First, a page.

We will rejoice and be glad

by | Jun 25, 2024 | June 2024 | 0 comments

…“These are the words which I spoke to you while I was still with you, that all things must be fulfilled which were written in the Law of Moses and the Prophets and the Psalms concerning Me.”   Luke 24:44 (NKJV)

David’s kingship, faulty as it was, can nevertheless be seen as foreshadowing the kingship of Christ. David is remembered as a musician as well as a king, with an amazing legacy in his catalogue of Psalms. It is considered that he wrote at least 73 of the 150 Psalms, possibly commissioning others. 

Some commentaries see every psalm as messianic – all pointing towards the Christ and the Kingdom he, Jesus, inaugurated, and which would be consummated upon his return; detailing the suffering that would precede it. Psalms 22 and 69, in particular, give a graphic account of Christ’s suffering. David suffered greatly before and during his forty year reign, first over Judah and then the united Israel. Saul was intent on killing him. He lost his close friend, Jonathan, in battle. His poetry tells of a man often lonely, overwhelmed, and persecuted. But even within a single song, he turns from begging for protection and deliverance to unrestrained joy. Knowingly or unknowingly, he also wrote about the suffering and glory that would be Christ’s

Christ, in teachings that often led to persecution, referenced Psalms about fifty times. Luke records Christ’s claim that this Old Testament book was about him (Luke 24:44). On the evening of his betrayal and crucifixion, after the Passover meal, the bread and the wine, we are told that they ‘sang a hymn’. It was traditional at this point to sing Psalm 118, and reading it in this context is to elevate it.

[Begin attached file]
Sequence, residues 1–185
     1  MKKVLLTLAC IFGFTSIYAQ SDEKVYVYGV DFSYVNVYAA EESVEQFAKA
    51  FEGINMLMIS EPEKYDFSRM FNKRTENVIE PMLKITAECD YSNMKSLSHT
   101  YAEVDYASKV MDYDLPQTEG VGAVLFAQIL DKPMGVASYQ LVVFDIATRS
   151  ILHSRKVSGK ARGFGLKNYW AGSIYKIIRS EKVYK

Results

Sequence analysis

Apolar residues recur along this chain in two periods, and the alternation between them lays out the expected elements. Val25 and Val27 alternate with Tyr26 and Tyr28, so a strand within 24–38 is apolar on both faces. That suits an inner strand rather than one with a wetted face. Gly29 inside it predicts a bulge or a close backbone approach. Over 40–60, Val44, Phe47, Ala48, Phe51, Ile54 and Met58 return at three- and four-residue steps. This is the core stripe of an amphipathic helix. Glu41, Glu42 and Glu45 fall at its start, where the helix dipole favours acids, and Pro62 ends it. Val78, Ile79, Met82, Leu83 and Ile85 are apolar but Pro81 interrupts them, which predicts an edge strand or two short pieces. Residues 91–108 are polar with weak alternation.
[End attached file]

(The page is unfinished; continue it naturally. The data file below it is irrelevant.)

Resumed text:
It is topped and tailed with joyful thanks: ‘Oh, give thanks to the Lord, for He is good! For His mercy endures forever.’ (Psalm 118:1,29). Jesus knew he was about to walk into the hands of a mob who will mock, torture and kill him in the most painful and drawn-out way, and he sings of His Father’s goodness and mercy. A few days before he had ridden into Jerusalem with the crowds crying out words from this same Psalm: ‘Blessed is he who comes in the name of the Lord!’ (v 26). These people would have been aware of this Psalm and what it pointed to although they, along with the disciples, did not understand how this particular saviour would fulfil his role. Three of the gospels record Christ seeing himself in this Psalm when he declares, ‘The stone which the builders rejected Has become the chief cornerstone.’  (Luke 20:17; Psalms 118:22) It was this statement, among others, that led the chief priests and scribes to seek ‘…to lay hands on Him…’ (Luke 20:19).

The salvation that people had been singing about was unfolding before them – but not in the way they imagined. And we can sing, ‘This was the  Lord’s doing; It is marvelous in our eyes. This is the day the Lord has made; We will rejoice and be glad in it.’ (Psalm 118:23-24).

Thank you Father that Jesus has shown us, through David’s words, that suffering comes before the joy that is your kingdom. In Jesus’s name, Amen.


Submit a Comment

Your email address will not be published.